Child Protection


A system's building approach

The social welfare system

The justice system

In the community and family

HIV prevention


The social welfare system

The social welfare system
© UNICEF Cambodia/Nicolas Axelrod

Cambodia’s swift economic rise and fall in recent years has placed new pressure on families, with children among the most acutely impacted. More children are migrating to urban areas in search of work and an escape from poverty, yet they frequently encounter new burdens in the city. Although an economic boom in the late 1990s and early 2000s created more jobs for young people, the recent global financial crisis has seen many jobs vanish, increasing insecurity for children.

Children are most severely affected by social and economic shifts, where a collision of social problems including unemployment, family break-ups, and an erosion of traditional values has left more children vulnerable to violence, abuse, exploitation and neglect.

Children are being abused and exploited for labour and sex both in Cambodia and neighbouring countries, putting them also at risk of HIV infection. Each year more than 500 cases of sexual exploitation, rape and trafficking are reported to police. Closer to home, children are equally vulnerable to psychological and physical abuse, including corporal punishment in the home and in schools, and sexual abuse. Rape is the most commonly reported offence committed against women and children.

Meanwhile, as families grapple with poverty, many are abandoning traditional values that prioritize family and community-based care and leaving their children instead to grow up in residential care facilities – a trend that has contributed to a rapidly increasing and largely unregulated residential care industry in Cambodia.
While more than 11,900 children are living in residential care, an estimated 72 per cent have at least one living parent. These children are unnecessarily separated from their parents – the most protective safeguard in the life of a child.

The absence of strong and effective social protection and justice systems deepens negative impacts on children. Due to shame, stigma and trauma, children who are rescued from abusive and exploitative situations often face tremendous difficulties reintegrating into their families and communities. Yet services to prevent violence, abuse, exploitation and neglect, as well as rehabilitate vulnerable and victimized children are fragmented, inadequate, under-funded and under-staffed. Cambodia has only one district social worker per 25,000 people, and most lack resources and skills to prevent, assist and refer cases of violence, abuse, exploitation and neglect, significantly compromising quality of case management and support. NGOs fill some gaps but coverage is often limited and heavily concentrated in and around the largest urban areas.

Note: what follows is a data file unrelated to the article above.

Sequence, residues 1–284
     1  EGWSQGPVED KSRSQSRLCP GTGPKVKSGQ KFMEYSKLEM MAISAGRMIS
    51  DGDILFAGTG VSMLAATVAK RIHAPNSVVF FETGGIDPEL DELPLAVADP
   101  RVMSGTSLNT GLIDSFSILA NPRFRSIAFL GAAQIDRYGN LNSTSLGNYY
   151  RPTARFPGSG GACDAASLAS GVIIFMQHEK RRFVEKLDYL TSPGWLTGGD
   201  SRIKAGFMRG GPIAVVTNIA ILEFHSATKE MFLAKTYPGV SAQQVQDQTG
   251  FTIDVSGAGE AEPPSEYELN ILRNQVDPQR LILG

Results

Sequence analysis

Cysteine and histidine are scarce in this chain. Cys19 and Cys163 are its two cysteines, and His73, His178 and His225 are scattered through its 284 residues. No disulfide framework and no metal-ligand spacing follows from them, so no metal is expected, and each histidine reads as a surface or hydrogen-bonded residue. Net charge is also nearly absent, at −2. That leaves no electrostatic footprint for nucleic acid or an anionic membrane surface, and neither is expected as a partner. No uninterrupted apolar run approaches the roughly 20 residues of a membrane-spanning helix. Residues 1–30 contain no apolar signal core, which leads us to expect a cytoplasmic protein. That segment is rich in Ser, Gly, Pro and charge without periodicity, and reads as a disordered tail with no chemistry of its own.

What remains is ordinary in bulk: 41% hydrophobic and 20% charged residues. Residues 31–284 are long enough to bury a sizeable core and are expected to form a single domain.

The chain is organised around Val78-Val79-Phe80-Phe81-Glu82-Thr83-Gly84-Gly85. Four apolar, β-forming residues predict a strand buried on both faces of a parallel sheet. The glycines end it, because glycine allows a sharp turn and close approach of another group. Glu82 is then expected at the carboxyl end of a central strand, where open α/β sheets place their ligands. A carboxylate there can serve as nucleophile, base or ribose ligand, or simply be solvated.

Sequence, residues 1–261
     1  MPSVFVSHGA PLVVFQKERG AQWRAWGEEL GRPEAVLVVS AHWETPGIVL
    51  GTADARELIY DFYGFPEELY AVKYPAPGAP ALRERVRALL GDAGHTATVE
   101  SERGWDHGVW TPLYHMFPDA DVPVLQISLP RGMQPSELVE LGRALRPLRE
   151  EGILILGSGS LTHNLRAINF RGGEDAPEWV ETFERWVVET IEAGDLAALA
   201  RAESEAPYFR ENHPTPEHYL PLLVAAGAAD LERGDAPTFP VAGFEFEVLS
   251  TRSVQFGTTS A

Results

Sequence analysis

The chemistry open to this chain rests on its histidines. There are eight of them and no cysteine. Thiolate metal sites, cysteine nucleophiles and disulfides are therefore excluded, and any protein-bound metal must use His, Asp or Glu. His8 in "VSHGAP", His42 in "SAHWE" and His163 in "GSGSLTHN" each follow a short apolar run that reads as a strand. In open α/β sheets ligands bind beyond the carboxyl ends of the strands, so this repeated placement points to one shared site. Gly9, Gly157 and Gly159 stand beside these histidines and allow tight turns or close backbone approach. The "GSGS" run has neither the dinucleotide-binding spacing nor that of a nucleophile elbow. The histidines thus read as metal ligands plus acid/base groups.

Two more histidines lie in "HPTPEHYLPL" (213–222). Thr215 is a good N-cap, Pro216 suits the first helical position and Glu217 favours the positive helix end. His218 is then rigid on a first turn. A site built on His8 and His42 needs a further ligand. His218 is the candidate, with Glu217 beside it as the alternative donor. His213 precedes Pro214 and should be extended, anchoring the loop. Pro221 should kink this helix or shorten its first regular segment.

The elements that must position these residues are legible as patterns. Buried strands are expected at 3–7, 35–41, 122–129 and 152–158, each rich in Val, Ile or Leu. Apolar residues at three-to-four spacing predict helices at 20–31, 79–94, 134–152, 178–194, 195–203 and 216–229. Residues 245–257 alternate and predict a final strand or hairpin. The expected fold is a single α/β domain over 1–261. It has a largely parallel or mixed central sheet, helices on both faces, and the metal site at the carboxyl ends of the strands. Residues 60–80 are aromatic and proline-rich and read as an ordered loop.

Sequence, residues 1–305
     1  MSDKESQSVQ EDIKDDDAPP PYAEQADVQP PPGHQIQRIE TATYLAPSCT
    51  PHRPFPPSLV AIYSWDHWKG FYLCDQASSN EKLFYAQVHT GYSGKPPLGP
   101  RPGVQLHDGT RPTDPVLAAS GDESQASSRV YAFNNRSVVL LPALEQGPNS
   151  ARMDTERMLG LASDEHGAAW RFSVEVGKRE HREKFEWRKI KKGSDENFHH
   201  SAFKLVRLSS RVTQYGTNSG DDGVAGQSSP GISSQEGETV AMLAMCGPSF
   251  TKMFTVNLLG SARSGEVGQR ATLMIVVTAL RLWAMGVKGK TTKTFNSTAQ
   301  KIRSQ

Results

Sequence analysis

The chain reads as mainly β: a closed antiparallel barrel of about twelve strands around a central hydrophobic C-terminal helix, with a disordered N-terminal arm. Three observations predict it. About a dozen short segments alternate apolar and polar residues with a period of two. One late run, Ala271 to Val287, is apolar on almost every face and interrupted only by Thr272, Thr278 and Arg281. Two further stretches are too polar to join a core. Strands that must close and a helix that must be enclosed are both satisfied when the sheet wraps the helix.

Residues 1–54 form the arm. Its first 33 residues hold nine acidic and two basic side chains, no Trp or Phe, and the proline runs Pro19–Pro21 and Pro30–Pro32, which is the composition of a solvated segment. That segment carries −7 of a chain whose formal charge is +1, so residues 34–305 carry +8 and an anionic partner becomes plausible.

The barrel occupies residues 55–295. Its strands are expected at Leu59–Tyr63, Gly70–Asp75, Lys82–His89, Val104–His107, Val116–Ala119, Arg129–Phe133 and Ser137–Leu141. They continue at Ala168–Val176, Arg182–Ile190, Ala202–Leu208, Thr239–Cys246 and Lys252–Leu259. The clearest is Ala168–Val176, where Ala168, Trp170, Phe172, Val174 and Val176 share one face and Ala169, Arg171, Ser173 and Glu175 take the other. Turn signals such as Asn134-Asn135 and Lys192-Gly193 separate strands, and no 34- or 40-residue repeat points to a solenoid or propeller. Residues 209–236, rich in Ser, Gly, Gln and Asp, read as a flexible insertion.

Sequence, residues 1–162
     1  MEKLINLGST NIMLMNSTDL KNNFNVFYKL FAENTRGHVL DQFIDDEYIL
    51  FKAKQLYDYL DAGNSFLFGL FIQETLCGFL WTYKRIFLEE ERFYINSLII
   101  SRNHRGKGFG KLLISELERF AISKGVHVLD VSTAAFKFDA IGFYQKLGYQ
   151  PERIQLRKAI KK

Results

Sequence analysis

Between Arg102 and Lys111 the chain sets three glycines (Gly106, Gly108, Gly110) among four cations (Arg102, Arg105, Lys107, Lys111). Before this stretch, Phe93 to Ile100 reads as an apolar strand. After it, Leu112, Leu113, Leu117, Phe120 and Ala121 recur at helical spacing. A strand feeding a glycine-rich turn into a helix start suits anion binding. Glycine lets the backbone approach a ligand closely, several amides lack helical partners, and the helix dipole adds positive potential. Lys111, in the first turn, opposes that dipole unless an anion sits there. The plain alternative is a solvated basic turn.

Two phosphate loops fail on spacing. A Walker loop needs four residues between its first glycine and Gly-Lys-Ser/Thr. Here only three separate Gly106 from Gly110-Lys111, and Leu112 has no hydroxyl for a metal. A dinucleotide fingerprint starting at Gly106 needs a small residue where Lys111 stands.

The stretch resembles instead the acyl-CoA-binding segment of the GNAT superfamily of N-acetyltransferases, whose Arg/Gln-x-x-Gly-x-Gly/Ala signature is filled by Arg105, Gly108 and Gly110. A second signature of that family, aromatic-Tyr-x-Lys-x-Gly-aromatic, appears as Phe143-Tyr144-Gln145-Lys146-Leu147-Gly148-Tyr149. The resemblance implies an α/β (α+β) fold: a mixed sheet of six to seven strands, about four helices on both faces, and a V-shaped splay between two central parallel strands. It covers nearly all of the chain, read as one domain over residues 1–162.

UNICEF strengthens the protective environment for children by advocating and supporting the government to develop a social welfare system that is child and gender sensitive and deliver accessible quality services to vulnerable children and their families.

The social welfare system
© UNICEF Cambodia/Nicolas Axelrod

What we do

  • Support the government to strengthen social welfare policies, plans of action and regulations to address disparities, and implement them effectively, particularly the alternative care policy, reintegration of victims of violence, exploitation and abuse, and the national action plan to eliminate the worse forms
    of child labour.
  • Strengthen national and local capacities to oversee, regulate, and deliver child protection and social welfare services to promote and support family preservation and respond to violations of child protection rights.
  • Support the government to develop a monitoring and evaluation system that covers key child protection issues and provides accurate data on vulnerable children.
  • Advocate for the government to increase budgets allocated to social welfare and child protection.
  • Support the government and other partners to strengthen systems to monitor and report violations of child protection rights and to develop independent complaints mechanisms.
  • Strengthen child protection coordination efforts at the regional, national and subnational levels.
  • Support the government and NGOs to develop new models of alternative care, family support and other protection and social welfare services for vulnerable children and their families.
  • Increase the number of professional social workers providing support to children in need.
  • Build on our experience with social service mapping at the local level to ensure that vulnerable children, youth, and families are identified and referred
    to appropriate services.
  • Carry out advocacy and research, and provide technical support to partners to integrate HIV prevention among most at risk adolescents into child protection system building efforts.
  • Promote participation of vulnerable children and young people in national policy and strategy dialogues.


Accurate data on vulnerable children and child protection issues in Cambodia are increasingly available to policy makers, helping to ensure that real issues are addressed through national child protection laws, guidelines and strategies. Cambodian children are prevented from ‘falling through the cracks’ through closer collaboration between government, providers of health and welfare services, academic institutions, NGOs, community-based organizations, faith based initiatives and other civil society partners, as well as UNICEF and other UN agencies. Children and families at risk and victims of violence and exploitation have increasing access to appropriate care, HIV prevention and protection services.



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